"I believe that these men and women represent a well-rounded, diverse, and experienced team of leaders, who will continue to carry out the department's mission, work to establish good will in the community, and provide opportunities for the rank and file who have a strong desire to advance within the organization," says Weis.
Brust, a 23-year veteran of the FBI, worked previously with Weis in California and Arizona, according to a spokeswoman for the Police Department. He is expected to join the department next week.
The Bureau of Professional Standards includes the department's training and internal affair operations, among other functions.
Mark Donahue, president of the police union, says Weis's choices represented a departure from a traditional selection process that focused on time served in the department.
"They are reflective of his goal of giving people who
haven't had as much time in the department an opportunity to move
forward," says Donahue.
Typically bureau heads have served 25 years or more in the department, while each of the new appointees has not.
"They've got careers that exemplify what this new superintendent is looking for both in terms of field exposure and academics," added Donahue. "He's looking for some new ideas and he's looking for a few individuals who will think out of the box."The moves come after years of highly-publicized scandals involving police misconduct and abuse, including allegations that Commander Jon Burge and his officers tortured suspects throughout the 1980s and 1990s.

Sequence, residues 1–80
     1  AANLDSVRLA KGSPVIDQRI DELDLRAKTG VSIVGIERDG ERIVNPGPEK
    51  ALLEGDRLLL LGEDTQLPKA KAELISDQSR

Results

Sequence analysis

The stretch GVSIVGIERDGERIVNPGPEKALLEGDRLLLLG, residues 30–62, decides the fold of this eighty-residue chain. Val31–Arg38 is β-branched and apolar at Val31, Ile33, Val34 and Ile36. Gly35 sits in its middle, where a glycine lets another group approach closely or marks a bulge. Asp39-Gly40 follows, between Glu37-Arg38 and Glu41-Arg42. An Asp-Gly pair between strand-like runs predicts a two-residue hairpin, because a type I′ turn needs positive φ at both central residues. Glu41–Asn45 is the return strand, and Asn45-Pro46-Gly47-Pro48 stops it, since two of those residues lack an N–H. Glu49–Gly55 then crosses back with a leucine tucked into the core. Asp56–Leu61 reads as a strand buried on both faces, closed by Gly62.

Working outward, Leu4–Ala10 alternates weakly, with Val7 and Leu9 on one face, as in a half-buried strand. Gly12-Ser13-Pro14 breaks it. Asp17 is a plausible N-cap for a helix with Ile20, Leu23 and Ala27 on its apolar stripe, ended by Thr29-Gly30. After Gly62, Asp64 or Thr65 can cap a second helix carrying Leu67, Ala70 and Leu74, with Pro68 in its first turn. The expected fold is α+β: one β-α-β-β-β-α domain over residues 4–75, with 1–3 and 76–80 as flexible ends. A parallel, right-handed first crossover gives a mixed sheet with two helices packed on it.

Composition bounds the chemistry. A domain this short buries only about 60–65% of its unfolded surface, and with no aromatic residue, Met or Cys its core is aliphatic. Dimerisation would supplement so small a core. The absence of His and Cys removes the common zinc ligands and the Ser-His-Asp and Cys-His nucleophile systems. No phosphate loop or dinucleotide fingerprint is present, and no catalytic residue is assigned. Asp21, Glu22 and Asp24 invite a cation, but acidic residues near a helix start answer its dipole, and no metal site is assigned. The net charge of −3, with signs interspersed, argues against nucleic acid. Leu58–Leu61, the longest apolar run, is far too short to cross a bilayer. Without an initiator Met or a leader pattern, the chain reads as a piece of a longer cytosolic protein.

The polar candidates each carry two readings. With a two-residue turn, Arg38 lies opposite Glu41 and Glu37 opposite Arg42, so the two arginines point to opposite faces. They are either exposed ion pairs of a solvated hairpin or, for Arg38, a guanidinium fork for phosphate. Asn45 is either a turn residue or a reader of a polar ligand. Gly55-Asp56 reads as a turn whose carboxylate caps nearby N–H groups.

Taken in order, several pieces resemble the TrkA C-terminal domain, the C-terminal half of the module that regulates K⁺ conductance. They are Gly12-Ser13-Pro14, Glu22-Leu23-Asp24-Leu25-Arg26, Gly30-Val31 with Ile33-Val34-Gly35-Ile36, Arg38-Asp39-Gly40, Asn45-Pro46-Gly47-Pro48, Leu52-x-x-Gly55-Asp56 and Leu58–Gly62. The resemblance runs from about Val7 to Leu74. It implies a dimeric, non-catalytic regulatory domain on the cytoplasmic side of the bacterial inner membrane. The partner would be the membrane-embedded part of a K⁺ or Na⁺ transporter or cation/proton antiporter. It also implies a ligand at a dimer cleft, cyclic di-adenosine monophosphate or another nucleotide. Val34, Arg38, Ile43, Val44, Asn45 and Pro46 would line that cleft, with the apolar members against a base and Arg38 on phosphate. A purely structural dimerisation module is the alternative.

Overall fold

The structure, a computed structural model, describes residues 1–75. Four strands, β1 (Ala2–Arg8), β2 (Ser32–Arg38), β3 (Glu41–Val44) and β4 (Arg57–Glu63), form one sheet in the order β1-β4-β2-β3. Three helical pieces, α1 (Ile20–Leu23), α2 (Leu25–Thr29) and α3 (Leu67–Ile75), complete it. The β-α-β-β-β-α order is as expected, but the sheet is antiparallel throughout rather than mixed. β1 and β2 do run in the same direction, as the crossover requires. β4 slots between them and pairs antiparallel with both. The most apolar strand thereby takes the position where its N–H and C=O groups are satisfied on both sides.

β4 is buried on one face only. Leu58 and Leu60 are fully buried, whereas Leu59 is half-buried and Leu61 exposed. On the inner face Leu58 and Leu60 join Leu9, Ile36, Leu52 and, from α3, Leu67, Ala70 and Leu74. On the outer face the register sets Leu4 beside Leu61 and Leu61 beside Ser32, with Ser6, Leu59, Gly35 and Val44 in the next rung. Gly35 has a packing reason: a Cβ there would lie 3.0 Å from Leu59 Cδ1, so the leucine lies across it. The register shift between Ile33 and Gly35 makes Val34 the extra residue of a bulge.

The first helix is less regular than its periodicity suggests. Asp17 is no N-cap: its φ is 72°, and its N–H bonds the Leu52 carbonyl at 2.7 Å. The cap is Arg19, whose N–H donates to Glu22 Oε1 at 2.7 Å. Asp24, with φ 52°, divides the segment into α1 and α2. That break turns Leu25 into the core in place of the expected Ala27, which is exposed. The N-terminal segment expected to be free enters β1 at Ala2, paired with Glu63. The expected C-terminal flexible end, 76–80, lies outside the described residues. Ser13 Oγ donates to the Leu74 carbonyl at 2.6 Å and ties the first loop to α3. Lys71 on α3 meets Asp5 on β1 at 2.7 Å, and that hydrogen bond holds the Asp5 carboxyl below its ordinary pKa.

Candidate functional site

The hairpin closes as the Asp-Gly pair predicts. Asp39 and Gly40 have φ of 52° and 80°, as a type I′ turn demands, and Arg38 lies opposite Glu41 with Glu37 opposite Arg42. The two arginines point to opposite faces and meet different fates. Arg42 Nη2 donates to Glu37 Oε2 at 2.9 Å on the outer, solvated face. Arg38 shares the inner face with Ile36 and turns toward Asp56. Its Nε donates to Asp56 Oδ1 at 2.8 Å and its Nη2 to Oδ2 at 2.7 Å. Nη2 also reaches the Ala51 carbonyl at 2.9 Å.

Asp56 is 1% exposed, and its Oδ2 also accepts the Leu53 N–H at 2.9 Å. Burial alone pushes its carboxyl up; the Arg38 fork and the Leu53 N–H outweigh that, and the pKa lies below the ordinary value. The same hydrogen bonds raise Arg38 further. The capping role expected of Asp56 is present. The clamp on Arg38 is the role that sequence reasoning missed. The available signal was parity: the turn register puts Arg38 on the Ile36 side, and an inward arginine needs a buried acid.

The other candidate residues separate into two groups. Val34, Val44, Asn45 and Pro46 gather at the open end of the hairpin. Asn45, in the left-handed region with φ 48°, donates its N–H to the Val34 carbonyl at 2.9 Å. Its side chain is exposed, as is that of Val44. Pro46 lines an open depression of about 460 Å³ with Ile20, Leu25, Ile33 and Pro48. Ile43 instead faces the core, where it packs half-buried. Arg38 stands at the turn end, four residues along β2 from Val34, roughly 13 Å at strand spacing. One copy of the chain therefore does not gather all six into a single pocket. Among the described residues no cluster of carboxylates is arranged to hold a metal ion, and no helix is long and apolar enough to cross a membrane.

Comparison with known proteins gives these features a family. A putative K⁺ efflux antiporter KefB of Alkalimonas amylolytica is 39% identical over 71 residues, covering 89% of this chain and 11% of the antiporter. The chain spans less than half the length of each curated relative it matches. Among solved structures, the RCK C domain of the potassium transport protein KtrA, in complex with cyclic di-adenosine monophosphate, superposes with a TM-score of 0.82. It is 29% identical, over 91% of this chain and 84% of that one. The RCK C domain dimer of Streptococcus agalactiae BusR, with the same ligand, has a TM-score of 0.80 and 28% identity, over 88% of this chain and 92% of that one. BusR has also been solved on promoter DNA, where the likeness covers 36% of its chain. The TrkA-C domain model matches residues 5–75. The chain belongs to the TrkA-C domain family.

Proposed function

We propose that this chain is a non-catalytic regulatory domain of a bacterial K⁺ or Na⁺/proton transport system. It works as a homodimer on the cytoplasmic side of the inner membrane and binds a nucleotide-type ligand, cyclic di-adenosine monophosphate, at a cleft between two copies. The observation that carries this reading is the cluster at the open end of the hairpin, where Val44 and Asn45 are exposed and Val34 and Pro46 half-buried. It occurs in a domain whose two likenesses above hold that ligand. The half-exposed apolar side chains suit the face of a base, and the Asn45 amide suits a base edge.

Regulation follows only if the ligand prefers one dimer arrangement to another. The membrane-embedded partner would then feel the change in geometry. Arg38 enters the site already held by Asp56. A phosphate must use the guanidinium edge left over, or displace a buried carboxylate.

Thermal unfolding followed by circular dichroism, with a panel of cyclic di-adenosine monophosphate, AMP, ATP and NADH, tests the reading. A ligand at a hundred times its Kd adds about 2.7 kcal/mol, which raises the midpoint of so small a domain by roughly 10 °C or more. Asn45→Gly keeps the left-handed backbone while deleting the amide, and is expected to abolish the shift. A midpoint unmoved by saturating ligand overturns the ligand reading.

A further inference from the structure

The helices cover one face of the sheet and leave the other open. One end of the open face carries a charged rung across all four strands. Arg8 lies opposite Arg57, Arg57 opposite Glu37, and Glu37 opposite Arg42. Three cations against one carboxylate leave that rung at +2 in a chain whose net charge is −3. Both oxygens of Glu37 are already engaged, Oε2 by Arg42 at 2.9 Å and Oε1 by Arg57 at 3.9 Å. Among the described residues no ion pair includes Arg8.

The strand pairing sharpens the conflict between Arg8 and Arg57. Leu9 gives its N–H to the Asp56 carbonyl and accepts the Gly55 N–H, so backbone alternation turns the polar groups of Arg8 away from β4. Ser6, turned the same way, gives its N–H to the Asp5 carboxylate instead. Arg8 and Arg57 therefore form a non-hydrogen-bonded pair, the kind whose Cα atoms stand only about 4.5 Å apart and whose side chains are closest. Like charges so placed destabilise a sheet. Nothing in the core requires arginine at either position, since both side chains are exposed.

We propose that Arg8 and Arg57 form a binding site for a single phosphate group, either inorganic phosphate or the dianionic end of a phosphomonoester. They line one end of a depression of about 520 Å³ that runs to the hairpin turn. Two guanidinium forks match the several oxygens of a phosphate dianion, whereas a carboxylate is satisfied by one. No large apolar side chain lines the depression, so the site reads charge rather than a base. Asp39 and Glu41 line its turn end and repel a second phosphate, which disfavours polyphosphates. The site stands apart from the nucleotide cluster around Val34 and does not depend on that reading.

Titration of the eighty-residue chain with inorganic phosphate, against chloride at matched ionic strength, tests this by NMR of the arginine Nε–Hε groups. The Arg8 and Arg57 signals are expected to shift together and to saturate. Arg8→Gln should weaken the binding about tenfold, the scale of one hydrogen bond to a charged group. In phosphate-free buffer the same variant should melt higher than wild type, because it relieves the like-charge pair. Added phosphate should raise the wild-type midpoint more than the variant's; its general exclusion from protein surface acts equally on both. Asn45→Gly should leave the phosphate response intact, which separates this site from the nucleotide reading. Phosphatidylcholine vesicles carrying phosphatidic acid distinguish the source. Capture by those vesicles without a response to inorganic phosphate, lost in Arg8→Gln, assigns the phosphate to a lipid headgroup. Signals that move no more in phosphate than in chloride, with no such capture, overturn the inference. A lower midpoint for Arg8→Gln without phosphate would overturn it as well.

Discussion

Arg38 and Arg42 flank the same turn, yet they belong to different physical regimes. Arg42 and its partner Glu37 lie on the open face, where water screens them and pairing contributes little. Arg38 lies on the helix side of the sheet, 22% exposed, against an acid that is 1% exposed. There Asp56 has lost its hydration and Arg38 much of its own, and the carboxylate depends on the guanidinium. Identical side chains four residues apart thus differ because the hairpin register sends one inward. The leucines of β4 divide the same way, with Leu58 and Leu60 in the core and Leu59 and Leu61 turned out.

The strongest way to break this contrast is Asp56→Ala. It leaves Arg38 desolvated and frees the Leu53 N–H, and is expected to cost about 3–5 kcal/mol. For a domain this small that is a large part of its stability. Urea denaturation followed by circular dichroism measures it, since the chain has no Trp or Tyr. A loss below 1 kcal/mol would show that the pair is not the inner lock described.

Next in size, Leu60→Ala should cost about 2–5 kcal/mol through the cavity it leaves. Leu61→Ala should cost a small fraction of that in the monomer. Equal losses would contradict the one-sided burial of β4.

Jackson, who has been Harrison district commander since 2003, will oversee the department's day-to-day law enforcement operations and report directly to Weis.
"This was a tough decision to make, particularly with all of the talent and knowledge that make up this organization," Weis said in a press release. "I believe Commander Jackson's hands-on approach will continue to move the department's day-to-day operations forward with efficiency and strategy, keeping our communities and residents safe."
Weis cited Jackson's experience in some of the city's most violent districts and his track record on gangs and narcotics as factors in his choice.The appointment of first deputy superintendent was an issue that surfaced repeatedly at Weis's confirmation hearing in January. Several aldermen called on the superintendent to select someone who would be familiar with Chicago and sensitive to the concerns of Chicago's minority communities.